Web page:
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A Little Teflon With Your Lipitor® and Your Chemo?


The New York Times Magazine published an article about a corporate lawyer who took on DuPont Chemicals when he realized that perfluorochemical waste that they were dumping into a 66 acre landfill in Ohio was poisoning not only the cows who grazed downstream but also the entire Ohio River. You can read the full article here:

Apparently DuPont sat on this information that Teflon was dangerous to both animals and humans since the 1960s. This is pretty scary. No wonder we have such a high incidence of chronic disease in our population. We have just been slowly poisoning ourselves.

According to Rob Billott, the above-mentioned corporate lawyer, DuPont documents show increasing concerns about health effects of PFOCs by the late 1980s, but apparently the product was too highly profitable to consider altering the manufacturing process or developing another perhaps safer product – so they purchased the 66 acre landfill on which to dump the toxic compound. Ten years later, after the farmer’s cows began dying in large numbers over a period of years, DuPont still did not acknowledge the dangers of which they were well aware from this compound used in one of their huge money-making products, Teflon® cookware.

Teflon® and other non-stick perfluorochemicals are dangerous to our health – even in minute amounts. And we have been blithely using them since the invention of non-stick cookware in the 1960s, thinking that they are safe for us. They were an amazing product - we all know how very convenient they are.

On Joseph Mercola’s website we can read that Teflon in minuscule amounts is associated with the following health issues:

Liver toxicity

Disruption of lipid metabolism, and the immune and endocrine systems

Adverse neurobehavioral effects

Neonatal toxicity and death

Tumors in multiple organ systems

Testicular and kidney cancers

Liver malfunction


High cholesterol

Ulcerative colitis

Reduced birth weight and size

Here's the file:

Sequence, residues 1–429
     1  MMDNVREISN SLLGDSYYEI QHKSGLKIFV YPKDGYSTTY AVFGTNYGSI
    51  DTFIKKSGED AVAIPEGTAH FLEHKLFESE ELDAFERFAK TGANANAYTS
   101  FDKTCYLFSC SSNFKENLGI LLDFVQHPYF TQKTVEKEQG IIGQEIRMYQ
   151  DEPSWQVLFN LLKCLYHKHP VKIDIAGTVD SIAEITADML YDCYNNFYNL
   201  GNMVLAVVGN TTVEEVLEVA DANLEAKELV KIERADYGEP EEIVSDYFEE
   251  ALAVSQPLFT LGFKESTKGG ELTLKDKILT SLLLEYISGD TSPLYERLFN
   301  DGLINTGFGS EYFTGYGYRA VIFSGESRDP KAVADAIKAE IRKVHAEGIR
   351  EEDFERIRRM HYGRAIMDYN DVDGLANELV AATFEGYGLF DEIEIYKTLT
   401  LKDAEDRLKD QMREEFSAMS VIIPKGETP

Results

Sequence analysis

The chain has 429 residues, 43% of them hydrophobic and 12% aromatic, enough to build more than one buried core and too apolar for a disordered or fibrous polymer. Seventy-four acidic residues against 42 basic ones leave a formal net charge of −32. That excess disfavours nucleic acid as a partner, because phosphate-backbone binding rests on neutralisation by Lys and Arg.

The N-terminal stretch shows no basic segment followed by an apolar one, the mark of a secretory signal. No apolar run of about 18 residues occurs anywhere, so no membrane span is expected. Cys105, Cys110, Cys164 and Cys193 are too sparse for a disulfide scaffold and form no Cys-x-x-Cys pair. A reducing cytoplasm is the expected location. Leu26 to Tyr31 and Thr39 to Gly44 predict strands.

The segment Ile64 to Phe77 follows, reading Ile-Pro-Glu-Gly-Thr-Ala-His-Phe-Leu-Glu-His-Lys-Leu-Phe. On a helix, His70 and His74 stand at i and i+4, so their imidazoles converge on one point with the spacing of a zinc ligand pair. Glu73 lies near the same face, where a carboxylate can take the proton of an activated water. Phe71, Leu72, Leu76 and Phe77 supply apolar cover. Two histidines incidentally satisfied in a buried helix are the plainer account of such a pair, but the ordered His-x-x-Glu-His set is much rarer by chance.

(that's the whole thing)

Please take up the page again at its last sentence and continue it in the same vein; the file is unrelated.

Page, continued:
Decreased immune response to vaccines

Reduced hormone levels and delayed puberty

Items that have been pre-treated with stain-repellants, and opt out of such treatments when buying new furniture and carpets

Water- and/or stain-repellant clothing. One tipoff is when an item made with artificial fibers is described as “breathable.” These are typically treated with polytetrafluoroethylene (PTFE), a synthetic fluoropolymer

Items treated with flame retardant chemicals, which include a wide variety of baby items, padded furniture, mattresses and pillows. Instead, opt for naturally less flammable materials such as leather, wool, and cotton

Fast food and carry out foods, as the wrappers are typically treated with PFCs

Microwave popcorn. PFOA may not only present in the inner coating of the bag, it also may migrate to the oil from the packaging during heating. Instead, use “old-fashioned” stovetop popcorn

Non-stick cookware and other treated kitchen utensils. Healthier options include ceramic and enameled cast iron cookware, both of which are durable, easy to clean (even the toughest cooked-on foods can be wiped away after soaking it in warm water), and completely inert, which means they won’t release any harmful chemicals into your home.

While some will recommend using aluminum, stainless steel, and copper cookware, I don’t for the following reasons:

Aluminum is a strongly suspected causal factor in Alzheimer's disease, and stainless steel has alloys containing nickel, chromium, molybdenum, and carbon. For those with nickel allergies, this may be a particularly important consideration. Copper cookware is also not recommended because most copper pans come lined with other metals, creating the same concerns noted above. (Copper cookware must be lined due to the possibility of copper poisoning.)

Oral-B Glide floss and any other personal care products containing PTFE or “fluoro” or “perfluoro” ingredients. The EWG has an excellent database called “Skin Deep” you can peruse to find healthier options.

Click here to read the Skin Deep document:

Read the full Mercola article here:

The Environmental Working Group has written a “Guide to Avoiding PFCs” which is clear and easy to read. I highly recommend following this guide. Makes life a little less convenient – but then, cancer and hypothyroidism and high cholesterol and chronic illness are not very convenient either.

Read the full EWG guide and follow up on the references here: